The resulting scene is like a best-of clip from a truly R-rated Wolverine movie. It’s bloody, brutal and is every inch the movie that X-Men Origins wanted to be. It’s honestly astounding that Apocalypse was able to keep its PG13 rating while including that visceral and unnerving of a scene in it. But while it is functionally nothing but a ten-minute trailer for the actual R-rated Wolverine solo movie coming out next year, it inserts itself so organically into the narrative that it actually finds itself in that it doesn’t feel like the jarring non-sequitur that Bruce Wayne hacking into Lex Luthor’s meta-human files felt like in Batman vs Superman.
(Photo via Rollingstone.com)
And then, of course, there’s the elephant in the room: Fox’s obvious second pass at adapting The Dark Phoenix Saga. While X2‘s tease for that particular plotline was subtle (a vaguely phoenix-shaped shadow coasting across the lake where Jean died), Apocalypse makes it a central plot point. It makes it clear, in no uncertain terms, that Jean is unutterably powerful and barely in control of herself. It also sets up her romance with Cyclops that is so essential that that particular chapter in X-Men history.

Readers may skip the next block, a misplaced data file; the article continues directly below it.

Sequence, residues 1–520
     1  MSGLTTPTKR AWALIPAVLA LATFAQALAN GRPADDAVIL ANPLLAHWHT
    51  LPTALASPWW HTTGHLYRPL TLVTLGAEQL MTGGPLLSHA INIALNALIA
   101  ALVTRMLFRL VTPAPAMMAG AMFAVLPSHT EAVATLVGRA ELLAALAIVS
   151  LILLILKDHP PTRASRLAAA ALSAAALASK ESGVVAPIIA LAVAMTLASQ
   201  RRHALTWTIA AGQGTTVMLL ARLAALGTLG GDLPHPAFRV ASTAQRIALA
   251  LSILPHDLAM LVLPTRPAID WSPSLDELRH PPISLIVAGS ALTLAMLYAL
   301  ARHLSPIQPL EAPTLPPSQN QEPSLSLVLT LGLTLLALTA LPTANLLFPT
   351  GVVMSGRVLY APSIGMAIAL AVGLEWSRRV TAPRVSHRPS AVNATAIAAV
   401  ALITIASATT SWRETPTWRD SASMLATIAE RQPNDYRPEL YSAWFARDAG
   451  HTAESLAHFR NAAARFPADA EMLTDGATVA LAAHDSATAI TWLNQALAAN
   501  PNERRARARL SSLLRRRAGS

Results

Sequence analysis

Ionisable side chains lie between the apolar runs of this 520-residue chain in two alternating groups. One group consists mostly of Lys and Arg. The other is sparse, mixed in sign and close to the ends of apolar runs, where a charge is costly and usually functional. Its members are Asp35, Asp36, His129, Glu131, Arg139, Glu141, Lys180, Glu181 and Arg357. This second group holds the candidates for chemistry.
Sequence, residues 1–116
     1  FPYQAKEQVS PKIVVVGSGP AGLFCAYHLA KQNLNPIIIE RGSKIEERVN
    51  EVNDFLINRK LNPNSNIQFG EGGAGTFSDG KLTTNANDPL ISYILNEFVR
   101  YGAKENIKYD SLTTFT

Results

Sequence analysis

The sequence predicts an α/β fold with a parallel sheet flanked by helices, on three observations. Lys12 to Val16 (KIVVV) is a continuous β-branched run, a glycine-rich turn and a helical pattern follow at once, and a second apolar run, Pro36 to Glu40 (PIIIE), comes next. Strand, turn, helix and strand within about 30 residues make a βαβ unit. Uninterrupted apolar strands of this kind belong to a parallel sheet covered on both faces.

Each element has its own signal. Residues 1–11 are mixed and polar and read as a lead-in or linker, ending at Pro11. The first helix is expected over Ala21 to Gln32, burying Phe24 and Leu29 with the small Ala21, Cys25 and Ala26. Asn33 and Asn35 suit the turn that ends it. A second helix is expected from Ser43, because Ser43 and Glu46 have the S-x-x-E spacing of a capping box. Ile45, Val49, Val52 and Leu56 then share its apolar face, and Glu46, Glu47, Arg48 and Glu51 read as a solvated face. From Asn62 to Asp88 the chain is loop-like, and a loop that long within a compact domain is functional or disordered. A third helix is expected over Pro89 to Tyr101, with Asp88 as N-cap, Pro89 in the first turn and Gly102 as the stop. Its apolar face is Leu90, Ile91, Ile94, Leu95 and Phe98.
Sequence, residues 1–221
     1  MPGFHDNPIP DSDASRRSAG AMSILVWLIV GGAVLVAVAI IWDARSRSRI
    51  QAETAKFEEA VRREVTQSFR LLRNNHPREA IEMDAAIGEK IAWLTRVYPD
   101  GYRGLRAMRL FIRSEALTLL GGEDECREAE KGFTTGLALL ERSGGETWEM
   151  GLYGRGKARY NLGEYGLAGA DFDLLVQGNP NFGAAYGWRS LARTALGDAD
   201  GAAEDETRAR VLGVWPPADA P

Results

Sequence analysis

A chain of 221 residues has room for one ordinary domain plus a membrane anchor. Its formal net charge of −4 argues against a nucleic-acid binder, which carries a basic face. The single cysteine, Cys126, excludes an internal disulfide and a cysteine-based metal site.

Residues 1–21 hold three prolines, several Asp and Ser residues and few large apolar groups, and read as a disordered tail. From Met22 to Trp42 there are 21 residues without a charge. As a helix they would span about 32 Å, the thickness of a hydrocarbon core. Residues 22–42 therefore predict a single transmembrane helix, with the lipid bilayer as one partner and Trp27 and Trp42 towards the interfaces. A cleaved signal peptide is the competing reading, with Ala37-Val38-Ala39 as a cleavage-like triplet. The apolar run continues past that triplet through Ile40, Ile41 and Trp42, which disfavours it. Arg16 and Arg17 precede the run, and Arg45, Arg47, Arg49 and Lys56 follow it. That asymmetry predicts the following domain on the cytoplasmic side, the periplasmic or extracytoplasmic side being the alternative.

So while X-Men: Apocalypse is intrinsically concerned with entrenching itself in the branching lore of the X-Men franchise — with shoutouts to sequels and spin-offs alike — it is first and foremost about its own narrative, about Apocalypse. It is very much aware with how we view movies today: not in a vacuum, but in the context of all eight preceding X-films. It trusts its audience to know (or at least be tangentially aware of) Wolverine’s past from the original timeline. It trusts its audience to know Jean’s fate from X2 and the Last Stand: recognizing the obvious setup for a Phoenix-focused sequel.
(Photo via Melty.com)
In fact, there’s a very small list of nitpicks that I’d levy against the movie as outright faults (or at least sorely missed opportunities). While we did see similar scenes in First Class and even Apocalypse, one of the few things that I really did want to see was Magneto celebrating a passover dinner with his new family. Apocalypse’s intrusion on Magneto’s revenge at the ironworks trampled on what was promising to be one of the most memorable scenes in the film. Although Apocalypse’s appearance is perfectly functional in the film, it’s a far cry from what the character could — really, should — have looked like, which is frequently better captured in low-budget cosplays. And did nobody think to address the fact that a major plot point of the movie is an Egyptian (Apocalypse) forcing a Jew (Magneto) to make a pyramid for him?
Apocalypse is almost the X-Men movie that I was looking forward to seeing. While it doesn’t quite hit the mark like its immediate forebears, it is vastly superior to any of the pre-First Class movies and promises still better movies to come. And while I may have expected more from the franchise at this point, that’s still alright by me.
(Photo via Youtube.com)
Buy on BluRay: Yes